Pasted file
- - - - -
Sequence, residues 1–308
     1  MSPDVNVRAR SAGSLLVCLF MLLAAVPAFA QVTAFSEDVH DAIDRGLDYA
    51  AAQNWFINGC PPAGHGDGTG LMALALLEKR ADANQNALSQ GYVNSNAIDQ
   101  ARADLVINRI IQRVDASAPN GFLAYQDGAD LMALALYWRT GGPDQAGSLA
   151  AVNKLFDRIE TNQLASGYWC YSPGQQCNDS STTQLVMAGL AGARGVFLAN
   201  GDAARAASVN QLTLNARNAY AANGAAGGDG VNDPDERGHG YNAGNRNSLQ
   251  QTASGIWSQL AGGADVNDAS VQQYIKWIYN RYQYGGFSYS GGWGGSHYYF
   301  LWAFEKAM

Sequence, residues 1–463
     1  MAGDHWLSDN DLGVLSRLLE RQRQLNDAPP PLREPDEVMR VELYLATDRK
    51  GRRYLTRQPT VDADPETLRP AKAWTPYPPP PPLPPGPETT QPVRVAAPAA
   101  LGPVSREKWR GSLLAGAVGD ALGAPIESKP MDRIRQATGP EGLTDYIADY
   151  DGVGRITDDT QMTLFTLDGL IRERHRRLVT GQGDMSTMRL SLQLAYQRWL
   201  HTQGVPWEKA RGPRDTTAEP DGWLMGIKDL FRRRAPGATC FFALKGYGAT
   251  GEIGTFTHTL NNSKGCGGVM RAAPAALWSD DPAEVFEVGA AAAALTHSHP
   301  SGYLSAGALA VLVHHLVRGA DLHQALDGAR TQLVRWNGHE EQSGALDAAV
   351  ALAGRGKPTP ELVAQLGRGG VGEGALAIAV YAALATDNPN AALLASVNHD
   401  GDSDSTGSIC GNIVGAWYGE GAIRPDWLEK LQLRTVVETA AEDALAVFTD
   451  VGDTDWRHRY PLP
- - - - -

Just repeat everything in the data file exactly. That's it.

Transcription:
Sequence, residues 1–308
     1  MSPDVNVRAR SAGSLLVCLF MLLAAVPAFA QVTAFSEDVH DAIDRGLDYA
    51  AAQNWFINGC PPAGHGDGTG LMALALLEKR ADANQNALSQ GYVNSNAIDQ
   101  ARADLVINRI IQRVDASAPN GFLAYQDGAD LMALALYWRT GGPDQAGSLA
   151  AVNKLFDRIE TNQLASGYWC YSPGQQCNDS STTQLVMAGL AGARGVFLAN
   201  GDAARAASVN QLTLNARNAY AANGAAGGDG VNDPDERGHG YNAGNRNSLQ
   251  QTASGIWSQL AGGADVNDAS VQQYIKWIYN RYQYGGFSYS GGWGGSHYYF
   301  LWAFEKAM

Sequence, residues 1–463
     1  MAGDHWLSDN DLGVLSRLLE RQRQLNDAPP PLREPDEVMR VELYLATDRK
    51  GRRYLTRQPT VDADPETLRP AKAWTPYPPP PPLPPGPETT QPVRVAAPAA
   101  LGPVSREKWR GSLLAGAVGD ALGAPIESKP MDRIRQATGP EGLTDYIADY
   151  DGVGRITDDT QMTLFTLDGL IRERHRRLVT GQGDMSTMRL SLQLAYQRWL
   201  HTQGVPWEKA RGPRDTTAEP DGWLMGIKDL FRRRAPGATC FFALKGYGAT
   251  GEIGTFTHTL NNSKGCGGVM RAAPAALWSD DPAEVFEVGA AAAALTHSHP
   301  SGYLSAGALA VLVHHLVRGA DLHQALDGAR TQLVRWNGHE EQSGALDAAV
   351  ALAGRGKPTP ELVAQLGRGG VGEGALAIAV YAALATDNPN AALLASVNHD
   401  GDSDSTGSIC GNIVGAWYGE GAIRPDWLEK LQLRTVVETA AEDALAVFTD
   451  VGDTDWRHRY PLP